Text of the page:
Data Integrity Guidance Revisions by FDA and PIC/S Deepen Industry’s DI Resource Pool

Updated guidances from FDA and the Pharmaceutical Inspection Co-operation Scheme (PIC/S) on maintaining data integrity (DI) across the product lifecycle have deepened the pool of resources that industry now has available to support its DI efforts.

In December, FDA’s centers for drugs, biologics, and veterinary medicine (CDER, CBER, and CVM) released a finalized version of their guidance for industry on “Data Integrity and Compliance with Drug CGMP,” containing some substantive changes from the draft issued in 2016.

Changes to the guidance included new expectations for executive management, expansion of specific compliance activities, and clarification of language and provisions. The current version brings FDA’s guidance into alignment with the PIC/S guidance as well as those from UK’s MHRA, the Parenteral Drug Association (PDA), the International Society for Pharmaceutical Engineering (ISPE), and others in delineating the importance of “quality culture” and management’s role in establishing it. Other substantive changes to the FDA guidance were around audit trails and remediation.

The format of the FDA guidance remains the same as the draft version, with a preamble containing separate introductory and background sections, and the body consisting of 18 pairs of questions and answers. Sequentially, questions 7 and 8 were reversed. The final guidance explains who should review audit trails (previously Q8) before discussing how often it should be done (previously Q7) – elaborating further on each.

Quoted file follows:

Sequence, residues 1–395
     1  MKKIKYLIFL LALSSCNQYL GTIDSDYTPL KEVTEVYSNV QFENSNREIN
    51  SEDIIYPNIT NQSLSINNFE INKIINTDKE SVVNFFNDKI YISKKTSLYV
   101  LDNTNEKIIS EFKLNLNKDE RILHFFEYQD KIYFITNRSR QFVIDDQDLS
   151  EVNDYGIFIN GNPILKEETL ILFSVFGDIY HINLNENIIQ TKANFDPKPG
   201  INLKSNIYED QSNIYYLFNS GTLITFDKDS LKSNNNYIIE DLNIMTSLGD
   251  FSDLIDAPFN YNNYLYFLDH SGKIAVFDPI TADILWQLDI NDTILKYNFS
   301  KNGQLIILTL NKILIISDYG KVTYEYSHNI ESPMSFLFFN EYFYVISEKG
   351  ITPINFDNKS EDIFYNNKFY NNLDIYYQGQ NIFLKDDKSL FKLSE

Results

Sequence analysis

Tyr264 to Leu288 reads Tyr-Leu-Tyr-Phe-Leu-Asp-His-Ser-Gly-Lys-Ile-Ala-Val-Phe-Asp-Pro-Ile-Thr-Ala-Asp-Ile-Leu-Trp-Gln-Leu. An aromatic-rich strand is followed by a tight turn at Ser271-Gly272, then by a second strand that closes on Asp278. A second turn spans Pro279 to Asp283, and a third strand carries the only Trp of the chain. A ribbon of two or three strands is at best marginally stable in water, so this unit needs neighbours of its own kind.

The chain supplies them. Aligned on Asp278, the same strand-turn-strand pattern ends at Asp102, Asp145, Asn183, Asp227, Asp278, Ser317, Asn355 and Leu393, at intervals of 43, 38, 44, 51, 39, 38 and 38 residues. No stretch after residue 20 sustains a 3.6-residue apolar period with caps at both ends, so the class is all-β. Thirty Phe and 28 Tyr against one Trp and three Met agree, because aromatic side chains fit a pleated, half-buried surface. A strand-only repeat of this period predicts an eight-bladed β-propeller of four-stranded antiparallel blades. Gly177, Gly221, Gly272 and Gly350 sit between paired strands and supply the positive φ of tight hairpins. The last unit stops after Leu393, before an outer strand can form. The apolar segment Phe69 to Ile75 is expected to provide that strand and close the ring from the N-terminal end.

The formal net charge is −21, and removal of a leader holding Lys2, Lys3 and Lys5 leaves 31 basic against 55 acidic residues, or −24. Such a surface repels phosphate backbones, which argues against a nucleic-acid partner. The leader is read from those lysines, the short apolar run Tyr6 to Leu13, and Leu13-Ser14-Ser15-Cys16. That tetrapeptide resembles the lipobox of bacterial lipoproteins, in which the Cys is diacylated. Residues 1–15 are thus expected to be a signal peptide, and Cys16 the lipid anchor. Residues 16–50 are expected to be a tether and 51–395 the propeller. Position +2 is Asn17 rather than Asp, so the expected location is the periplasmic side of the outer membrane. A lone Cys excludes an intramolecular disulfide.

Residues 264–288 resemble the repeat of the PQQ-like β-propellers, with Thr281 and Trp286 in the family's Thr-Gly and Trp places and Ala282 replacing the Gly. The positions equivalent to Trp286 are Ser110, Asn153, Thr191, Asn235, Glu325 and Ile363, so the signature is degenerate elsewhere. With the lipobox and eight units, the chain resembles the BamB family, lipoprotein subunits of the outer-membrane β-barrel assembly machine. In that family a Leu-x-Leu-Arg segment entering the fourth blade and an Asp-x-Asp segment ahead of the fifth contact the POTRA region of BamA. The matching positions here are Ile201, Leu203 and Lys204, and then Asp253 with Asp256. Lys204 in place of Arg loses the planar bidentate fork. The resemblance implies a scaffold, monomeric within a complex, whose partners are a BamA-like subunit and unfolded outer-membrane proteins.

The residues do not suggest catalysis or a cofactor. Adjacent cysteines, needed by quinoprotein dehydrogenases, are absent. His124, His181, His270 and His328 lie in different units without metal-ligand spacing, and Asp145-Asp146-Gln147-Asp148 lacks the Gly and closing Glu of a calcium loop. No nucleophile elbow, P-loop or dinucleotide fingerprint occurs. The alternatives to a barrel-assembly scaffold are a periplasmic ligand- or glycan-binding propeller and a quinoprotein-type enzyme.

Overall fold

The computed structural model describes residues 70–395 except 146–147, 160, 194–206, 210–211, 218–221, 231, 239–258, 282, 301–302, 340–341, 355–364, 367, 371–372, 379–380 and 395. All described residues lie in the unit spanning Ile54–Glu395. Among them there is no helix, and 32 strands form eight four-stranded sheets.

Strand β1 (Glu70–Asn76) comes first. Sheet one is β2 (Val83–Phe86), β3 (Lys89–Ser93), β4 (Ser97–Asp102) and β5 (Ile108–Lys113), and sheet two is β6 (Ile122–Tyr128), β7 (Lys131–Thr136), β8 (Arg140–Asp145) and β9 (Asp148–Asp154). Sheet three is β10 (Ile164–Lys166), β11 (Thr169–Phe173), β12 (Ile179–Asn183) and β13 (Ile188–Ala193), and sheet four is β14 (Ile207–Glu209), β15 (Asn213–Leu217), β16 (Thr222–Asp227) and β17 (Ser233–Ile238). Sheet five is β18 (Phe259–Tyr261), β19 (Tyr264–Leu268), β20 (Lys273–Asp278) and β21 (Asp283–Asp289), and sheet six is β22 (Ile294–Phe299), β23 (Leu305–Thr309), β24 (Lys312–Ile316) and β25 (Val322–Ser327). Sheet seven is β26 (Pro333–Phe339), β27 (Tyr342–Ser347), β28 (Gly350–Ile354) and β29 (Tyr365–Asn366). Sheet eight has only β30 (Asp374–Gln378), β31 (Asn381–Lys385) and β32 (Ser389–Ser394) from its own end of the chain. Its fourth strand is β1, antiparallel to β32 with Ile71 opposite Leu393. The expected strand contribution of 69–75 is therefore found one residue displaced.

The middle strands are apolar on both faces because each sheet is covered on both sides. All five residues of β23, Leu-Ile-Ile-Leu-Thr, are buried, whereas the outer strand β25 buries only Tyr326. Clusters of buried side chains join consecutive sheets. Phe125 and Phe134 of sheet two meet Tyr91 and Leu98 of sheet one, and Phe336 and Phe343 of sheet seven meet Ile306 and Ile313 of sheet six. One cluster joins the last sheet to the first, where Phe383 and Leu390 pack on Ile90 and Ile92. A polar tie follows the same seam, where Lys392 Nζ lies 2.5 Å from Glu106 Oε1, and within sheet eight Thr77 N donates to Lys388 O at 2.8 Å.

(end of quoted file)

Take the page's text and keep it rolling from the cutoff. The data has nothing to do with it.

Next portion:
The PIC/S document, entitled “Good Practices for Data Management and Integrity in Regulatory GMP/GDP Environments,” was issued in November, and represents a third draft. Like FDA’s, the previous draft was issued in 2016.

During the comment period on the update, which closed at the end of February, PIC/S sought substantive feedback from four associations on specific questions relating to the proportionality, clarity, and implementation of the guidance requirements. The four were: ● the European Compliance Academy (ECA) ● the International Federation of Pharmaceutical Manufacturers & Associations (IFPMA) ● ISPE, and ● PDA.

Changes to the PIC/S guidance included a new section on hybrid systems, more elaboration around computerized systems and audit trails, and – similarly to the FDA guidance – more refined and specific terminology.

Like FDA’s, the PIC/S guidance retains the format, but was significantly increased from 41 to 52 pages. A new one-page section was added on hybrid systems. Another half of the new text centered around qualification and validation of computerized systems, system security, and audit trails. Expanded explanations, examples, and best practices throughout the document made up the balance of the additional length.

[Editor’s Note: See IPQ’s June/July 2016 Monthly Update for the last major IPQ foray into the DI regulatory landscape, including a review of: ● the current FDA, MHRA and WHO guidances ● industry comments on the 2016 FDA draft, and ● regulator expectations for handling DI concerns.]

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